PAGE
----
I am a serious fan but by no means a musician, but even I can tell how they focus on the ensemble, and are brilliantly “tight” and musical. Here are some thoughts from a couple of local jazz pros to give you some further perspective. Adam Dare plays keyboard for Parlour Noir, a relatively new band playing traditional and swing jazz around the Delaware Valley. When I first saw them and asked if they knew about Tuba Skinny, Adam exclaimed “Oh yes !
We saw them down in New Orleans a couple of months ago !” His reactions:
“We hand an incredible evening watching and dancing to Tuba Skinny at the Commodore Barry Center !
“They performed with rhythmic instrumental harmonies weaving in and out of the song, each instrument or section smoothly taking turns taking the lead, while the whole time, the washboard, bass drum, and guitar/banjo players carried the groove with solid syncopated rhythms.”
“The band swung as if they were just one musician, an vibrant single organism, all connected to create a vibrant, swinging whole.”
My friend George Sinkler has played all kinds of jazz around the Delaware Valley for forty years. A terrific jazz pianist, he plays weekly with three combos at varied venues. He also plays frequently with Jazz Sanctuary, a movable feast that brings serious jazz to newer audiences. His “sing-a-longs and play-a-longs” have attracted a loyal following since a twenty-five year gig at the famous institution, “Chez Odettes”, up in New Hope. George’s reaction was simply:
“They really know their stuff !” … He ought to know.
For a fan like myself it was a seminal moment. The mixture of two hours of terrific, authentic early New Orleans traditional jazz, with seeing our efforts to mount a local concert, and what with sharing with old and new friends, was an intense, mufti-hued pleasure. Obviously I am no music critic, so I encourage you to take a listen to some of the videos from this “wow” evening. And if you are not already a Tuba Skinny fan, other videos from their ten year odyssey.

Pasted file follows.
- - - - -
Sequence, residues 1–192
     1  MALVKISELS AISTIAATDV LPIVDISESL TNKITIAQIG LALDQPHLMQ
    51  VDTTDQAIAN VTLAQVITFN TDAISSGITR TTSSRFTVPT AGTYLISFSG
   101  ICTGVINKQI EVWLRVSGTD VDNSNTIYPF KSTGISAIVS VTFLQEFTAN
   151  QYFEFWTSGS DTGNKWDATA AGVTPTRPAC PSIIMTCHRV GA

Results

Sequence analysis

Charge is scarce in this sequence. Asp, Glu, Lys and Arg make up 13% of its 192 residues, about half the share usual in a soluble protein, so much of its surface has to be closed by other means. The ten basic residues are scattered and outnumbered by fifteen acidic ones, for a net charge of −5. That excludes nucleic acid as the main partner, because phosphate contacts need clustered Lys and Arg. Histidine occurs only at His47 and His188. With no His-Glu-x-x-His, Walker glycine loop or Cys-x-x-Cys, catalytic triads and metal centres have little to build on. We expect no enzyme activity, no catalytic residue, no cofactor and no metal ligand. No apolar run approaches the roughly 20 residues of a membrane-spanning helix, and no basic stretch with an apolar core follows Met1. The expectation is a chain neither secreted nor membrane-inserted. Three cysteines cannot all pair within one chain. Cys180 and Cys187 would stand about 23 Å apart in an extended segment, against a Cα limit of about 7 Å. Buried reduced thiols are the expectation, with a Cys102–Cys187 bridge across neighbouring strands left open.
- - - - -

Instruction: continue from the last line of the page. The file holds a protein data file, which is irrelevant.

Both Tuba Skinny and we are hoping we can do it again in 2020 … wow !
Now in their 10th year, Tuba Skinny is:
Shaye Cohn*, cornet (and some times piano)
Barnabus Jones*, trombone
Craig Flory, clarinet – or sax
Todd Burdick*, sousaphone – “blow bass”
Erica Lewis*, vocals & bass drum
Max Bien-Kahn, resonator guitar & banjo
Greg Sherman, vocals & guitar
Robin Rapuzzi, washboard or drum set
Jason Lawrence, 6s ‘banjatar’ (not on this tour)
*founding member … Robin joined them the first year – 2009 .. the others 5 to 7 years ago
More on Tuba Skinny and Tuba Skinny musicians from The Syncopated Times.
Pops Coffee turned his focus to traditional jazz in his early 50s but he pursued learning with such vehemence that thirty-odd years later he has
An intriguing question in social history is why creative explosions happen when and where they do. What was it about Switzerland during the Great War
I was introduced to Tuba Skinny in 2010 through videos uploaded by YouTube pioneers Al and Judy Alexander. The Alexanders, whose YouTube channel is digitalalexa,
Tuba Skinny’s latest CD entitled Some Kind-a-Shake, contains 14 tracks and is remarkable for four reasons. First, it was recorded at The Living Room Studio